Chapter 7, Part 1:
For the second consecutive year, over the month of November, Flight Club will be bringing you “30 Turkeys in 30 days.” Each day, we will post a review of a different Wild Turkey product. Throughout that journey, we will provide you with background information on the company, the products, and the people behind the products, all of which we hope create a better understanding of what Wild Turkey brings to the world of bourbon and rye whiskey. A table of contents for each of these posts can be found here.
We pick up where we left off in 2017. In Chapter 1 last year, we talked about the history of Wild Turkey, dating back to the Old Moore Distillery, through the days of Ripy Brothers Distillery, to the Austin Nichols days, to the current Campari owned Wild Turkey. Today, we take a closer look at that history with a focus on Wild Turkey Rye. In this seventh chapter, we will share reviews of current Wild Turkey 101 Rye along with two prior vintages.
Much of what we know and love about Wild Turkey relates to their storied history of bourbon. But the brand’s Rye itself dates back to the 1950’s. In the early days, the Rye (like the bourbon) was sourced, initially from Maryland sources, then later from Pennsylvania sources (like Michter’s, for instance), along with Illinois. This continued through the late 1970’s. In 1974, Wild Turkey moved distillation of rye to Kentucky. From the late 1970’s and on, the Wild Turkey Ryes we enjoy should be directly produced by Wild Turkey using the current 51% rye, 37% corn, 12% barley mash bill.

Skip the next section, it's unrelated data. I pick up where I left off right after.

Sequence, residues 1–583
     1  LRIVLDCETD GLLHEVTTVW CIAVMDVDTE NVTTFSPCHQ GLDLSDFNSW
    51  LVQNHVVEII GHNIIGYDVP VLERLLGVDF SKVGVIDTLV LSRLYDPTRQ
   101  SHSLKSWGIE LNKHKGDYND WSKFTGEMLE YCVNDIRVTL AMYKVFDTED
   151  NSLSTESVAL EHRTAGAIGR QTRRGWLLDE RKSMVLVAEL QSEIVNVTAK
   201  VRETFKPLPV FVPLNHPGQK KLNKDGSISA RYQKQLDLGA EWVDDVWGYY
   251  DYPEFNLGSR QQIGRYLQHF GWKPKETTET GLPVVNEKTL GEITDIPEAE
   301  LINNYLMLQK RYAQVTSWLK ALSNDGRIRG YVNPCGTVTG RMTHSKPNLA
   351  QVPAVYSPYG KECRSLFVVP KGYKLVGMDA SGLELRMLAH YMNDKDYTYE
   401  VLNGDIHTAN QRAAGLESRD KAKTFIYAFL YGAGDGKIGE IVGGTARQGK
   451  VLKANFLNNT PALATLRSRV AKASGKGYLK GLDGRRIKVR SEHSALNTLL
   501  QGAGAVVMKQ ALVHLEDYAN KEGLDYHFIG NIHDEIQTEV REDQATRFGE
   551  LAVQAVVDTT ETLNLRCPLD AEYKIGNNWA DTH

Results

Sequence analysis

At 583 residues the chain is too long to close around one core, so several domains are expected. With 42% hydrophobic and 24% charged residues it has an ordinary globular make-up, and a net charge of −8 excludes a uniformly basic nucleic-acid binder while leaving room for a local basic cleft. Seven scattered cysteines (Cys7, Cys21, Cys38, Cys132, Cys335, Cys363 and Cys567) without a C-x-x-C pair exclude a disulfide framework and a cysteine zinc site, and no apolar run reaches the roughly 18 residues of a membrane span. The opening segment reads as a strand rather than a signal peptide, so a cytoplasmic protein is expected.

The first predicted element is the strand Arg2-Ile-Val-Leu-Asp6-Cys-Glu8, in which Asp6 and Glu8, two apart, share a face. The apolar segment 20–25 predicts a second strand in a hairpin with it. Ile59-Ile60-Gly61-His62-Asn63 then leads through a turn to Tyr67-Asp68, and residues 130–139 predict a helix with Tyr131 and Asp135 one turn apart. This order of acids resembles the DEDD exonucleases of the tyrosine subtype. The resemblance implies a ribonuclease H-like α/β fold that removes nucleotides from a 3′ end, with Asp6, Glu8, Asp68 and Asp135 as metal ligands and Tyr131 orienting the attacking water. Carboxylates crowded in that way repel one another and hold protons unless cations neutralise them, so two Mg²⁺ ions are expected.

We are not overly familiar with the pre-Austin Nichols distilled rye products. But starting in the late 1970’s or early 1980’s, Austin Nichols “Straight Rye” was a non-age stated, 101-proof bottling, distributed with a green and red label. Those early bottling were known as “Christmas Ryes” because of their label colors. This scheme continued at least through the early 1990’s.
The years 2004 and 2006 are as important for the rye as they were for the bourbon. In those years, Wild Turkey raised the barrel entry proof from 107 proof to 110 proof to 115 proof, for both the bourbons and the ryes.
Wild Turkey moved production in 2011. The current bottling, aged 4-6 years, is now likely all produced at the new Lawrenceburg, Kentucky facility. Versions from around 2015 and prior are likely all distilled at the old facility. Anecdotally, our 2015 bottling that we will review in Chapter 7, Part 2 only refers to production as “Bottled by the Austin, Nichols Distilling Company, Lawrenceburg, Kentucky, U.S.A.,” while the current bottling refers to “Distilled and Bottled by Wild Turkey Distilling Co. Lawrenceburg, KY.”
The year 2012 is a key year in the Wild Turkey Rye line. In 2012, with an increase in rye demand, Wild Turkey ran low on rye product, and so it decided to limit/allocate the Wild Turkey 101 rye product. Since that time, through about 2017, Wild Turkey Rye was nearly impossible to find, at least in this market. In around 2017, the supply seemed to increase.
Wild Turkey Rye 101 (2017) (Sampled by Scott Hill)
Nose: Initially herbal (dill and mint) and lightly floral, with rye and white pepper spice, along with some ginger; lemon citrus; red apple; caramel and vanilla; light cornbread; baking spice; some sugary sweetness; dry oak; a bit of ethanol burn. Compared to the 2015 bottling we will review tomorrow, this comes across younger and sweeter. (2.5/5)
Palate: Sharp herbal and rye spice; caramel and white sugar; chewy lemon bar; vanilla; black pepper; light orchard fruit; some decent baking spice. The proof starts to creep in on the end of the palate, giving your tongue a nice tingle. (3/5)
Finish: Continued sweet lemon flavors with a return of dill and mint; light leaf tobacco; vanilla; red apple. (3/5)
Overall: This competes nicely with mid $20 ryes, and the standard offering Wild Turkey 101 bourbon. Like the bourbon, this is solid and reliable. I’d say this lacks a little age, but overall I’m satisfied and would happily pour another. (3/5)
Value: Unfortunately, this isn’t priced as a mid $20 rye. I bought a 1 liter, but paid a bit more than $38. I’d like to see this priced about $10 cheaper (2/5)
“This competes nicely with mid $20 ryes, and the standard offering Wild Turkey 101 bourbon.”
Scott is a co-founder of Flight Club and a frequent writer and reviewer on the Club’s blog.